VIU Milner Gardens and Woodland

How do I care for Rhododendrons?

by Vancouver Island Master Gardeners Association

Question: How do I care for Rhododendrons?

Answer:  Rhododendrons are a staple of the West Coast garden and once established they are reliable, resilient and require minimal care.

Planting a newly acquired Rhododendron in a semi-shaded or early morning sun spot with well drained and humus rich soil provides a great start (some references will disagree with this as they are concerned about sun on frosted plants but that is not of concern here in coastal BC).

Photo courtesy Milner Gardens & Woodland of a Rhododendron planting in the Greig Rhododendron Species Garden from Fall 2019.

Most of our Rhododendrons bloom after any frost issues but in other provinces they can still get hard freezes later in the year than us.  It is a bit of a myth that Rhododendrons don’t like sun – just not the full on hot sun of mid-afternoon on a summer day, so plant accordingly. They are similar in many ways to Clematis, roots in shade and heads in sun.  Water the dug hole, then spread roots out horizontally, backfill and water in well once planted.  The soil surface in the pot should be visible once planted. Recheck after watering to be sure it has not ‘sunk.'  A layer of mulch can be applied to protect the roots but do not cover the trunk.  Soils and mulch should be four inches away from the trunk to prevent rot.

Proper watering during the first year or two is the most critical.  Your fingers are the best guide; if plunged into the soil at the farthest outward leaves' drip line, they come out with soil attached then the moisture is adequate.  If dry then water well, allowing the water to drain away several times before adding more.  On larger plants use a spade plunged into the soil in the same way – at the drip line to see how far down the moisture goes.  Most Rhododendron roots are in the top 18 – 24 inches of soil, so if your spade comes out dry more water is needed.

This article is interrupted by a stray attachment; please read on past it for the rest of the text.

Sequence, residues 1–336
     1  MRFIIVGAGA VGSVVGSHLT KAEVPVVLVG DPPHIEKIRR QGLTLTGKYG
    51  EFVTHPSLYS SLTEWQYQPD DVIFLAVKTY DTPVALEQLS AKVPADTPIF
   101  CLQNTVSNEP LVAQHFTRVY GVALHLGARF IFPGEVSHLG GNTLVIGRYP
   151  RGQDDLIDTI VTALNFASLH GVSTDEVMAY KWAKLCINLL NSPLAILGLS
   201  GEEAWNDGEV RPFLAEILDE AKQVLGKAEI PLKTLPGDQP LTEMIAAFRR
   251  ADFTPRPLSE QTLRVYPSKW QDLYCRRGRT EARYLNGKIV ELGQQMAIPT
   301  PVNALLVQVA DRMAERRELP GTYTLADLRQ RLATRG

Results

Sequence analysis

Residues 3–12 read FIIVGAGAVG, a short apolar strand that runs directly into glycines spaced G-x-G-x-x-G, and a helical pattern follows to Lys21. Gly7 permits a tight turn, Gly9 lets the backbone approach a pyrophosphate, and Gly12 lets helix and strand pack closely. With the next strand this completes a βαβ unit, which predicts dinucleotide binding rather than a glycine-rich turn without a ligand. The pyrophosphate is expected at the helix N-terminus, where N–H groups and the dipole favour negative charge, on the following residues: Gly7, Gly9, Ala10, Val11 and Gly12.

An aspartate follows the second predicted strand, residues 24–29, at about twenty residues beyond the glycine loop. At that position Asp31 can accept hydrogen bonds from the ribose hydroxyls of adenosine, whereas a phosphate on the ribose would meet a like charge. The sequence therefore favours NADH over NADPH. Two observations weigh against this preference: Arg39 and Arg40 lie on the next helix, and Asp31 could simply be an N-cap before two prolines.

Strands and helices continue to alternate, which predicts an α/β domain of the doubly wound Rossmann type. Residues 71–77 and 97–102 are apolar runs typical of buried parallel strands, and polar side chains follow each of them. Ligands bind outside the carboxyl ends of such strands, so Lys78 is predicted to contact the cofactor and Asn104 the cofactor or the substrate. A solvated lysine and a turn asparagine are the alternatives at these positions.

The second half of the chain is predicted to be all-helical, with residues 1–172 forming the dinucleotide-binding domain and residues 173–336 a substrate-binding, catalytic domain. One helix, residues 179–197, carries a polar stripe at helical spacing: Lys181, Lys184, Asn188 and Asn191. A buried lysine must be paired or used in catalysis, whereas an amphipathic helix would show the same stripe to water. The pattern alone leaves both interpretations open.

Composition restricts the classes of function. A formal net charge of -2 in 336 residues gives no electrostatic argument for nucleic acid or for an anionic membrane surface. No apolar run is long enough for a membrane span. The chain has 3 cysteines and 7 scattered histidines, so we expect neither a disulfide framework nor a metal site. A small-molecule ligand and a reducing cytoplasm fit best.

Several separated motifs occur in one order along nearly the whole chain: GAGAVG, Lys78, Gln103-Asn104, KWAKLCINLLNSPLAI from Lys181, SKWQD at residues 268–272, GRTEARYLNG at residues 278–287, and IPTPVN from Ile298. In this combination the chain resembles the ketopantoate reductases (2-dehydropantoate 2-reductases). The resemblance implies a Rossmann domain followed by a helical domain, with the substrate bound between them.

Fertilizing Rhododendrons is done shortly after blooming. Organic commercial fertilizers are preferable or alternatively you can purchase the individual components and mix your own. Do not fertilize after mid-July as leaf growth after that time may not be sufficiently mature or hardy enough to survive the coming winter. 

Pruning is really only done to remove dead, diseased or dying branches, but a more severe pruning will encourage new growth.  Young plants need to be ‘tipped’ – removing the early new growth of tips in spring to encourage new branching. Deadheading old spent flowers is aesthetically pleasing but not absolutely necessary. Just be sure to only remove the pieces above the two new shoots growing just below the flower head.

Photos courtesy Milner Gardens & Woodland of a variety of Rhododendron blooms in the Greig Rhododendron Species Garden from Spring 2019.

Photo courtesy Milner Gardens & Woodland of Rhododendron 'Royston Blue' from spring 2019.

Photo courtesy Milner Gardens & Woodland of Greig hybrid Rhododendron 'Veronica Milner' from Spring 2019.

For gardening questions in the growing season, contact the Gardening Advice Line.